The Obama administration says it will scrap the controversial airport X-ray machines that critics said showed a little too much of travelers' bodies.
The Transportation Security Administration told the Associated Press it would get rid of the machines and instead rely on full-body scanners that show generic images telling screeners where to look on a person's body, but don't show intimate details.
TSA officials blamed new requirements from Congress for the decision, telling the wire service that the company that makes the machines couldn't meet the standards lawmakers set.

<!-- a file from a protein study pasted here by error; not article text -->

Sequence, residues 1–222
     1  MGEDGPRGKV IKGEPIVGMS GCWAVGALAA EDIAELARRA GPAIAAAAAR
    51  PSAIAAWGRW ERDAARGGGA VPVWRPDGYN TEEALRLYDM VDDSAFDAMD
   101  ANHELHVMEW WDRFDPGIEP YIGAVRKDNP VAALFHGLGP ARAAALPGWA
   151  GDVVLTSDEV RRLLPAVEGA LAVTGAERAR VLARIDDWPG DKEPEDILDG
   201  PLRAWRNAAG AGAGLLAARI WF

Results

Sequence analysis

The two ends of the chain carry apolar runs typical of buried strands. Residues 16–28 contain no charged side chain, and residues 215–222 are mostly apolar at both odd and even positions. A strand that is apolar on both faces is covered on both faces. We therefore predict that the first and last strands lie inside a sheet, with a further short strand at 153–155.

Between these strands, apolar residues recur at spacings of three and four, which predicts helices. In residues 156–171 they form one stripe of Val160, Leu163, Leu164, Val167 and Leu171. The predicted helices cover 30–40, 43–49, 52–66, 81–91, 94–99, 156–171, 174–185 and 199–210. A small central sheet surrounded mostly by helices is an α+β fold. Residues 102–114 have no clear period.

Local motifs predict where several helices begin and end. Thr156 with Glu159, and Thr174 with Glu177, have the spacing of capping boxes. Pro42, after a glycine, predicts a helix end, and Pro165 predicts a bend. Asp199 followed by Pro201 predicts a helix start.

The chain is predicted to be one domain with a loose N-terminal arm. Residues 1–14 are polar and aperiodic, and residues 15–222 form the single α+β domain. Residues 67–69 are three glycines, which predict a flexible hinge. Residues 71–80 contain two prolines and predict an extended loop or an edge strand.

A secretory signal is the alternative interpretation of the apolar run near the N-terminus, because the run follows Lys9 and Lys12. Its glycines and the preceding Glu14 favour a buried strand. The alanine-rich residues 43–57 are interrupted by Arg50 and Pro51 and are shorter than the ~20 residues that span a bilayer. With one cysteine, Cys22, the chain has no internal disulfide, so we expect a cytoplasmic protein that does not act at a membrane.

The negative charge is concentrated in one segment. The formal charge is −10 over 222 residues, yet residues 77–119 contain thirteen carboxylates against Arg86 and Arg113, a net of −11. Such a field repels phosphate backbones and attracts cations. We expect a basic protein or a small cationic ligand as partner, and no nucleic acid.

Indeed, the scanners have produced rare bipartisanship on Capitol Hill, where they have been the subject of much derision.
Late last year, the TSA said it was beginning to remove the detailed scanners from some airports because they were causing delays. TSA officials had said they would move them to smaller airports — which drew yet more fire from Congress.
Speaking on Wednesday, Senate Judiciary Committee Chairman Patrick J. Leahy mocked the scanners, calling them a "dumb idea" and ridiculing TSA assurances that the images would maintain passengers' anonymity.
"Sure. Like to see that in Burlington, Vt., where everybody'd say 'Gosh, there's so-and-so.'" Mr. Leahy said. "People finally said, 'Wait a minute, that's not making us safer,' and so a few hundred million dollars later, they said, 'Whoops, let's go back to the drawing board.'"
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